Saturday, 5 July 2014

The Art of Appreciating Art - Part I: Sculptures & Installations

Canon 5D Mk III with Canon EF 85mm F1.2L Mk II lens
1/640th sec at F2.8, ISO 100

I've always been inspired by walking around art galleries and other cultural precincts. Even as a child I preferred visiting the art gallery to a day at the beach. However art is not just in galleries, it's all around us. Public sculptures, murals, signs, architecture, music, the design of everyday products and even computer games are just a few examples of where art can be found outside of a gallery. Where permitted, photography allows for an excellent means of capturing the art that is most inspirational to us. As a creative medium, photography allows us to record our own personal interpretation of art. We are able to choose how we want to remember that art. The above photograph shows Ashleigh Cotterill’s temporary installation “Death by Fluro”, which was an exhibit in the Swell 2013 Sculpture Festival. I’ve chosen to use a moderate telephoto lens at an aperture of F2.8, ensuring that the chair is all in focus but leaving the beach and sea blurred. I’ve also chosen to accentuate the art by means of selective colouring.

I’ve decided to split the topic of photographing art over several blogs. I want to focus this first article on sculptures and installations. This covers sculptures in both galleries as well as those found in public spaces. It’s important to note that in either environment I always make every effort to record details of the title and artist of the work so that I can credit them should I post any of my photos on a website, such as this blog. This is important because if the artist has permitted photography of their art, it is only fair that they should be credited accordingly.

Perhaps one of the first things to consider when shooting sculptures, or anything for that matter, is what lens to reach for. Many photographers carry only one or two zoom lenses, offering them good versatility without any excessive weight penalty. I fall into the opposite camp, tending instead to shoot mainly with selection of four or five prime lenses – a kit which is not generally lightweight. However I prefer primes for several reasons. Firstly they typically offer a much larger aperture than their zoom counterparts and this is useful if you are trying to separate a sculpture from its environment. For example, instead of carrying a 24-70mm F2.8L Mk II lens (which I don’t own), I would take my 24mm F1.4L Mk II lens and my 85mm F1.2L Mk II lens. Whilst this is heavier and more inconvenient, I do have 2+ more stops of light to play with. Of course I am not able to zoom in or out with these lenses but I can simply walk closer or further away, assuming it is practical to do so.

Like all objects, sculptures will take on very different looks depending on the focal length used. Below are two of my favourite sculptures, photographed at the two extremes of focal length. The the first two photograph feature Baile Oakes’s sculpture “Gestation”. His sculpture, which was created for Brisbane's 1988 world expo, inspired me as a child. It has recently been moved into the Queen St Mall where a whole new generation of children can appreciate it. Hopefully it will have as much impact on them as it did on me. The sculpture consists of many metal rings, each nested inside the other and joined by welds. In these photos I’ve used a 400mm supertelephoto lens to compress the perspective and because of this the rings appear quite flattened with only the light giving an indication of depth. The rain adds some texture to the photo. I am happy with this result but it certainly wasn’t my first choice of lens. When I started shooting this sculpture I was convinced that an ultrawide angle lens would produce the most impact. I tried many different angles, even climbing inside the sculpture, but in the end I was just not seeing the sculpture how I did in my mind. When I tried the 400mm lens, the beauty of the sculpture was at last revealed, for me at least.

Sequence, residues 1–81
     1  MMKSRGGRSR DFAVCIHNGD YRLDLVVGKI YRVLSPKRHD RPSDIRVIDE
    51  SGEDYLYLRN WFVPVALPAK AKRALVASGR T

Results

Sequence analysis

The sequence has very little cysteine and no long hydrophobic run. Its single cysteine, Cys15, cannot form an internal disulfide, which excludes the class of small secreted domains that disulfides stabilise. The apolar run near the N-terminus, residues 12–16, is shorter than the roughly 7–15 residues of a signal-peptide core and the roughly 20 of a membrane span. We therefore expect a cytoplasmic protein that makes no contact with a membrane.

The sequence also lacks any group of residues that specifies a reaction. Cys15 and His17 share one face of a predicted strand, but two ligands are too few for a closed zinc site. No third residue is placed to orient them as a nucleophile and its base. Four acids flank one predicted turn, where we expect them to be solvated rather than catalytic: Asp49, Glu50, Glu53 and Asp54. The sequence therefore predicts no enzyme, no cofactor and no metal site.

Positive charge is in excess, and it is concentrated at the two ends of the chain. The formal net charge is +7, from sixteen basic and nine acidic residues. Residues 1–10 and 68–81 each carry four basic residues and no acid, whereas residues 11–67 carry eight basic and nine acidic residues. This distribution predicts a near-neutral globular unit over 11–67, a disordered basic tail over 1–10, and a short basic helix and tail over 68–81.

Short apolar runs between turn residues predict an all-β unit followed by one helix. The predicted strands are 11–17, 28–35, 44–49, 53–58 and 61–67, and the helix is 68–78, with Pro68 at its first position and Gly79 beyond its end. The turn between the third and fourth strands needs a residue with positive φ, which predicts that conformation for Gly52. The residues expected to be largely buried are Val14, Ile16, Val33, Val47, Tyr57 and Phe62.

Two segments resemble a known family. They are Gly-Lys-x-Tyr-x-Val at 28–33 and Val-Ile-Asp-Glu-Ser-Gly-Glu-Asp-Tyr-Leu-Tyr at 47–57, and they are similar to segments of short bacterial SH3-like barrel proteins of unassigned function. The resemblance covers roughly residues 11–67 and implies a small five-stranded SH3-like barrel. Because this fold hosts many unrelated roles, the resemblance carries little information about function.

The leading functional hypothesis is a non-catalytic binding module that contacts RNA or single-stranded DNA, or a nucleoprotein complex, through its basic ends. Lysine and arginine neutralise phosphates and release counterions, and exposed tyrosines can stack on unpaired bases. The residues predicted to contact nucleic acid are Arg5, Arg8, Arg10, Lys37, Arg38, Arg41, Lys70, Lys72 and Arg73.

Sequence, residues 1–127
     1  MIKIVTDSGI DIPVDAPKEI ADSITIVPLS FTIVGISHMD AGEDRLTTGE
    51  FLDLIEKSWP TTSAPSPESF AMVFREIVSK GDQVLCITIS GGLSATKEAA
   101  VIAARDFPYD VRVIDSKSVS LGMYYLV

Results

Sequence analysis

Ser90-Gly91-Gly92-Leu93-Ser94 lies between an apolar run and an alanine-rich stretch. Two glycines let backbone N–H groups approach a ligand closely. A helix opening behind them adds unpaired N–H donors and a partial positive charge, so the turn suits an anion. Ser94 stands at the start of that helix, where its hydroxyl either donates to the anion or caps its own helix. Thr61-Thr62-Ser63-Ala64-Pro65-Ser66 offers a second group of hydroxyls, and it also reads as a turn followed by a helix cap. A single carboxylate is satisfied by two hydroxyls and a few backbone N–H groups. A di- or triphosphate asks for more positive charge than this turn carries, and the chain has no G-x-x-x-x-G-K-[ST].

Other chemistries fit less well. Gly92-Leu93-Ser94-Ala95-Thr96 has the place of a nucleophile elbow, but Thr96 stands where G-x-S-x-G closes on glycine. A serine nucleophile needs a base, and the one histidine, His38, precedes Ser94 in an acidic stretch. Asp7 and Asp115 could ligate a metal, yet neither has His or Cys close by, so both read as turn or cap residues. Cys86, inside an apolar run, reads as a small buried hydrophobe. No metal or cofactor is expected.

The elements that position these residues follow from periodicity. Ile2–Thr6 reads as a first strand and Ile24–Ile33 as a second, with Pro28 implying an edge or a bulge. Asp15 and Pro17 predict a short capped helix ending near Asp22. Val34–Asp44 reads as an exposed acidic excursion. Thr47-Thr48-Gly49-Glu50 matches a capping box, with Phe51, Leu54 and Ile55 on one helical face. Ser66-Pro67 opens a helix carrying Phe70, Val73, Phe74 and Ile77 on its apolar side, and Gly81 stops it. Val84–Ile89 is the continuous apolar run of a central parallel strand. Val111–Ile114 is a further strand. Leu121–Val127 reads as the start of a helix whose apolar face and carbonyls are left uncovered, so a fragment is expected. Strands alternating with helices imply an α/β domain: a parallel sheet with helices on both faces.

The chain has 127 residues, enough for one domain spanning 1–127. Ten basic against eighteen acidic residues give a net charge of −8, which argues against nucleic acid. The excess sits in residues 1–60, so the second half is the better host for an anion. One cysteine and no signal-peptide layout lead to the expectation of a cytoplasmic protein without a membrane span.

Canon 5D Mk III with Canon EF 400mm F5.6L lens
1/400th sec at F10, ISO 1600

On the other end of the focal length spectrum, the next photo shows Clement Meadmore’s sculpture “Dervish” taken with a 14mm ultrawide lens. I was literally standing within the sculpture when I took this photo. I really like the way the 14mm field of view draws in so much of the environment, almost like the world is bending around me. I used the curvaceous nature of the sculpture to my advantage in this photo, making the viewer feel like the sculpture is about to swallow them whole. Adding to this, the people walking past in the distance accentuate the unrealistic sense of scale. For me at least, this is how I want to remember this wonderfully creative sculpture.

Canon 5D Mk III with Canon EF 14mm F2.8L lens
1/60th sec at F8, ISO 1600

I mentioned before that I find prime lenses useful because of their large apertures. One of my favourite lenses for capturing sculptures is the Canon 24mm F1.4L Mk II lens. Below are two examples of sculptures photographed with this lens. In both cases, I’ve used a large aperture of F1.8 to help separate the sculpture from the background, thus providing a more three dimensional feel to the photo. The first photo is of a metal sculpture titled “Offshoot”, also by artist Clement Meadmore. In addition to using a large aperture, I’ve aimed for a high-key exposure to bring out the texture and marks on the metal surface and to avoid heavy shadows in the garden bed.